Sunday, October 7, 2018

Asteroid Ship Corridor Encounter

Initial test set up of the asteroid ship interior. This configuration ended up as the first area. Note my helpful assistant being helpful.

This post describes a set of encounters that I ran for our Star Trek Adventures campaign a few months ago. My hope was to present the players with an exciting and visually interesting session. My other goal was to provide some motivation to make more progress on the pile of miniatures and terrain that I've purchased over the years.


The player characters' vessel - USS Yamato, an Akira-class starship - was investigating a century-old Starfleet distress signal. The trail led to an enormous sublight ship constructed from an asteroid. The asteroid ship was similar in principle to, but clearly of different origins from, the world ship Yonada from "For the World is Hollow and I Have Touched the Sky" (TOS). The player characters had reason to believe that Starfleet personnel in cryogenic stasis were aboard the asteroid ship. Unfortunately, the dense rock of the asteroid and the materials used to turn it into a functioning spaceship were interfering with USS Yamato's sensors. An Away Team mission would need to board the asteroid ship to investigate further. Naturally, the Away Team deployed from USS Yamato was composed for the player characters - the Captain*, the Science Officer, and the Chief of Security.

*TNG establishes that starship captains do not lead Away Teams, but DS9 and Voyager tend to ignore the idea. Since this was very early in the campaign, I preferred to have the player running the Captain use his character rather than putting him into the shoes of the First Officer or other Supporting Character. My justification for the purposes of the campaign was that the relevant regulation existed, but was sporadically enforced.

Planning phase. Always need coffee for the planning phase.

Rules Overview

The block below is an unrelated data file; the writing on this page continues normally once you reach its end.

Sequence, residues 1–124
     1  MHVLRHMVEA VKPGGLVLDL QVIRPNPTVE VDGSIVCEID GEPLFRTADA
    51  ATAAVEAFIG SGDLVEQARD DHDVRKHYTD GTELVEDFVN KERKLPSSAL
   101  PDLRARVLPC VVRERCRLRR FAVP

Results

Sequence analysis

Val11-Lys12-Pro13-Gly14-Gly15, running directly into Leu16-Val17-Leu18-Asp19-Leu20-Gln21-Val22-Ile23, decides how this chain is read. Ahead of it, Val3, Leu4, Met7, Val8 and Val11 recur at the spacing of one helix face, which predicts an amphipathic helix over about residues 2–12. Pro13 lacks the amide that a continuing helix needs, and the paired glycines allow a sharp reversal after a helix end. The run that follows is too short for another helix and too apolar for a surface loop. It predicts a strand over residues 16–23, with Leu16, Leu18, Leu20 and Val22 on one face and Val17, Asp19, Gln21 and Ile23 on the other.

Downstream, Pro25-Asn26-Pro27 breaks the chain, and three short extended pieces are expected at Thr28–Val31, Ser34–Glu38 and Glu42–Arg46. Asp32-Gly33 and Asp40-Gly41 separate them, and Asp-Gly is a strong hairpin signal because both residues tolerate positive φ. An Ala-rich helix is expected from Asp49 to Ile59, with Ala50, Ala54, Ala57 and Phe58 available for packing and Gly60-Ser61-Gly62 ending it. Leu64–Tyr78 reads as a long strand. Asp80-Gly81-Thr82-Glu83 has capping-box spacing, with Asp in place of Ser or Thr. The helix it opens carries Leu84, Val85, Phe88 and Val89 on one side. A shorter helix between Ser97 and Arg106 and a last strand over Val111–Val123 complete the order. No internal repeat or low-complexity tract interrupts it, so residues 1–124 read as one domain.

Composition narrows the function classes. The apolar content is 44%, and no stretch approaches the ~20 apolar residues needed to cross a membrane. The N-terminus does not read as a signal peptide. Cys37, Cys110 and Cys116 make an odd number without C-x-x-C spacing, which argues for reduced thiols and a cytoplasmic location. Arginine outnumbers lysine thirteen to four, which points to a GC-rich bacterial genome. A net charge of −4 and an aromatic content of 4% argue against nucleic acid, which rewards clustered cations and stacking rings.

Once aboard the asteroid ship, the Away Team found that their tricorders were limited to short range due to the same factors that interfered with USS Yamato's sensors. Tricorder scans also lacked definition - the operator was able to detect that something unusual was in a given location, but could not identify it without further analysis. Communications between the Away Team and USS Yamato were also degraded. It was quickly determined that the amount of static would increase as the Away Team ventured deeper into the asteroid ship, but that contact would not be lost entirely.

The rules were fairly simple. After the corridor board was set up and the miniatures representing the Away Team were placed, the Science Officer would roll for their tricorder scan. The scan would reveal anything of interest within short range. Technological items such as data terminals and cryogenic stasis tanks detected by the scan would be placed on the board. Biological sensor contacts would be represented by "blip" tokens placed on the board. The Science Officer could select a blip token and use each success rolled to determine its exact nature. A given blip could be revealed to be anything from the corpse of an asteroid ship crewmember to a group of alien predators to a type not previously encountered. A new board was set up when the Away Team entered another area of the asteroid ship. There were two boards set up in total.